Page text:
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5,500 nurses to be brought into the NHS from overseas

5,500 nurses’ would be brought into the country to “earn, learn and return”.

Health Education England has revealed that the NHS will source more than 5,500 nurses from overseas.

Professor Ian Cumming, Chief Executive of Health Education England, told the House of Commons Health Committee on Tuesday that ‘somewhere in the region of 5,500 nurses’ would be brought into the country to “earn, learn and return”. He went on add that the NHS will be piloting this initially with India but an international rollout is to be expected.

The news comes only months after the Royal College of Nursing (RCN) advised an urgent patient safety review after ongoing concerns around the sharp drop in nurses.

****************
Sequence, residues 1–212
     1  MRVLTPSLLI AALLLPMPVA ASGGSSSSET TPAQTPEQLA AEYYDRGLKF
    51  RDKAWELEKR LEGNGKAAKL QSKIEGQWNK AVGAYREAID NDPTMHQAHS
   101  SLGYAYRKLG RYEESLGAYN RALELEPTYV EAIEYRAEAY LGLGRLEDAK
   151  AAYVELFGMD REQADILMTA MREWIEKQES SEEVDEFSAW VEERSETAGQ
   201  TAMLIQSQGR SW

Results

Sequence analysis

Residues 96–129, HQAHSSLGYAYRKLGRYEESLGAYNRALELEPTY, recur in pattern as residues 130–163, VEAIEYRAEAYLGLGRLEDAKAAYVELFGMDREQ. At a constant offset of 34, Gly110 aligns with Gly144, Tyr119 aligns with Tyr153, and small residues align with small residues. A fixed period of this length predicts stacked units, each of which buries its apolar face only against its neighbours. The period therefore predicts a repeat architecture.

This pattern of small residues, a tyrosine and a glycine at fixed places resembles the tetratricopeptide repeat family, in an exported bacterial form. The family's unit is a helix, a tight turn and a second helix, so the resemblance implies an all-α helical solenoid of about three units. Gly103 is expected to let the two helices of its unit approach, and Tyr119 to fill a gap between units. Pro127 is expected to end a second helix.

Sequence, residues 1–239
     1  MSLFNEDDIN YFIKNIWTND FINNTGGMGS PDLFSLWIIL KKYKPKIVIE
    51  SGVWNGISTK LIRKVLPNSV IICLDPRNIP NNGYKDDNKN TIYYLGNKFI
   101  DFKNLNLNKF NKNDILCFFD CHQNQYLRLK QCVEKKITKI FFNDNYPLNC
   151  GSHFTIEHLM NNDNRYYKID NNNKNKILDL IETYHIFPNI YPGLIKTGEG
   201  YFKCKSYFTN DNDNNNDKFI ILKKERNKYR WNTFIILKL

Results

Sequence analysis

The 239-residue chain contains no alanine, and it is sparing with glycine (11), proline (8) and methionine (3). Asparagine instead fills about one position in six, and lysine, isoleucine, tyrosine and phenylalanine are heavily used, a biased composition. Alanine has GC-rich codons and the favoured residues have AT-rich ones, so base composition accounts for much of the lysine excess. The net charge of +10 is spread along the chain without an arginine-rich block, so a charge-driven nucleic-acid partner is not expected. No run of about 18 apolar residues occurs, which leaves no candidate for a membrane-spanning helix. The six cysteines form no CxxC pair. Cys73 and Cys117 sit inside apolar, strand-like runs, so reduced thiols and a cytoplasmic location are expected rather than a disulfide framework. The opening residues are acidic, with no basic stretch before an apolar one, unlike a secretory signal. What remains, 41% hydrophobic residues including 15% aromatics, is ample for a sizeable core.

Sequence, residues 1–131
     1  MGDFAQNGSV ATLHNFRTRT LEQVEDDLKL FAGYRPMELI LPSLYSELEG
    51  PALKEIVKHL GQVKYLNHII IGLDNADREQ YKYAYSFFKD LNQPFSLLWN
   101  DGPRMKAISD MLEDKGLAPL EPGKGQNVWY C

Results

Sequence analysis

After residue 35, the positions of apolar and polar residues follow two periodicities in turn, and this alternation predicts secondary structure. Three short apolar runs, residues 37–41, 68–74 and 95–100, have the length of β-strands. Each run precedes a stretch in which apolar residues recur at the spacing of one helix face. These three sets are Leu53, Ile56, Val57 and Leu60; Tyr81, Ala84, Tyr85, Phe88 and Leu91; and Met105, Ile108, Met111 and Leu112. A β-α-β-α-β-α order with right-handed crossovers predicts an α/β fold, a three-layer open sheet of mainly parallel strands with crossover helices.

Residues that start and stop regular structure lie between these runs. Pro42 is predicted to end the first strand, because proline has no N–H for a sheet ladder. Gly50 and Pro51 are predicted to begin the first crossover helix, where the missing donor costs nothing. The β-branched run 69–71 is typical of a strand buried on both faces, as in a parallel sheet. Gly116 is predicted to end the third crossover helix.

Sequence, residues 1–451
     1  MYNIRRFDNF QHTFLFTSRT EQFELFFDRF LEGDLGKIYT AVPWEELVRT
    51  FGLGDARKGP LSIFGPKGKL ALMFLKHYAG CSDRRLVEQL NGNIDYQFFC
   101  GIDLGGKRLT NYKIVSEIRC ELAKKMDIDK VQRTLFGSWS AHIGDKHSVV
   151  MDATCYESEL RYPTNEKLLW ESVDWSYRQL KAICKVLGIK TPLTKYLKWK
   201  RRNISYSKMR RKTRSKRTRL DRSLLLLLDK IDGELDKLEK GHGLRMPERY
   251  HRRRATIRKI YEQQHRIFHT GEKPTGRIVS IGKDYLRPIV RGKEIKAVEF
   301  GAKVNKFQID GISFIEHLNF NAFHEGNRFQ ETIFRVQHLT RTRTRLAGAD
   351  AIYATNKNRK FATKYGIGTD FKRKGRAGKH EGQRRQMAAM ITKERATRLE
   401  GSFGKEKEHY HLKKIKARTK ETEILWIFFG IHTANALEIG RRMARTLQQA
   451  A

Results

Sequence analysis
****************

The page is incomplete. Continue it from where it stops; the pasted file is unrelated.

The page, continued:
According to a Health Education England spokesperson, 500 nurses will start working in NHS hospitals across the country by the end of 2017/18.

However, the spokesperson said in a statement that this was in fact ‘not a recruitment programme’ as the nurses will be expected to “earn, learn and return”.

Professor Ged Byrne, Health Education England’s Director of Global Engagement, said;

“This is not a recruitment programme. The nurses will not stay, but learn and then return to the Indian healthcare system after benefiting the NHS through providing service whilst here, and benefiting themselves and India by going back as more experienced and skilled nurses.

“We are trialling the scheme to ensure it offers value for money for the NHS and improves the quality of care in here and in India.”

It is unknown, at this time, if the nurses would be offered a chance to stay and work in the NHS.